TV Legend Monty Hall, Longtime Host of ‘Let’s Make a Deal,’ Dies at 96

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Monty Hall, the playful host of Let’s Make a Deal who gave game-show contestants the agonizing choice of taking the cash or what was behind Door No. 3, has died. He was 96.  Hall, who by his own estimation presided over more than 4,700 episodes of the show he co-created, died Saturday due to heart failure.

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Survivors include his three children: daughters Gleason, a Tony Award-winning actress and the wife of actor Chris Sarandon; Sharon Hall, president of Endemol Shine Studios and the wife of TV producer Todd Ellis Kessler; and son Richard Hall, an Emmy Award-winning producer (Amazing Race).

 

A native of Winnipeg, Manitoba, Hall served as a radio color man for New York Rangers’ NHL games and hosted other game shows like the scandal-plagued Twenty One, Video Village and revivals of Beat the Clock and Split Second.

 

However, it was Let’s Make a Deal, which he created with Stefan Hatos, that made him a television legend.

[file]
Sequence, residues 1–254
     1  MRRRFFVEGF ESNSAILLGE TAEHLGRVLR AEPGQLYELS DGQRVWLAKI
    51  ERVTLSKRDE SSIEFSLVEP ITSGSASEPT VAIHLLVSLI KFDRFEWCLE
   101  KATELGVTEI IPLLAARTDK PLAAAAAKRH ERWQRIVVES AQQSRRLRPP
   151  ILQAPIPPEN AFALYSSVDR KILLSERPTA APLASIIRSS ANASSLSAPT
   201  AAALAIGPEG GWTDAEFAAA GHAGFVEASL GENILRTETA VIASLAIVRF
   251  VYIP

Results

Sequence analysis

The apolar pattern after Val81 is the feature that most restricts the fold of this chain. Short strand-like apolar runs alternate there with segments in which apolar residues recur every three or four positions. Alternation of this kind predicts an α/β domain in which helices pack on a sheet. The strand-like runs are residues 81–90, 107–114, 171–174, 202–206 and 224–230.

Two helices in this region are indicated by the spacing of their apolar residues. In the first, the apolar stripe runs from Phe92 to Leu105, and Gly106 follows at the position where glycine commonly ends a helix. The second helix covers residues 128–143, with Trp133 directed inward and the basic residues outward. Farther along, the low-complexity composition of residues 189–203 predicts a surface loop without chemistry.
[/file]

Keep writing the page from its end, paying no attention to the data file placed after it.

The show, which premiered in December 1963, featured contestants who would come to the studio with signs and/or dressed in outlandish, colorful costumes in a bid to attract Hall’s attention.

 

 

NBC later moved  Deal to Sunday evenings for a few months in 1967, where it was pitted against The Ed Sullivan Show on CBS and The FBI on ABC. It made it into the Nielsen top 20, peaking at No. 6.

Deal later moved to ABC, running in daytime — and occasionally in primetime — from December 1968 through July 1976, and then in syndication. Other versions of the show have since aired (he returned to emcee a Dick Clark-produced version out of Orlando in the 1990s and did a week of shows in 2010), and Wayne Brady hosts the current edition.

 

During the height of his popularity, Hall was roasted by Dean Martin, guest-starred on such shows as The Odd Couple, That Girl and The Flip Wilson Show and hosted a series of primetime “All-Star Parties” for the likes of Frank Sinatra, Lucille Ball, Ronald Reagan and Clint Eastwood that raised millions of dollars for charities.

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Hall, in fact, was active in a number of charitable organizations and philanthropic endeavors. He served as president of the Variety Clubs International, and children’s wings bear his name at UCLA Medical Center, Hahnemann University Hospital in Philadelphia, Mount Sinai Hospital in Toronto and Johns Hopkins in Baltimore.

Written By: Tommy Lightfoot Garrett
Photographs are Courtesy: AP
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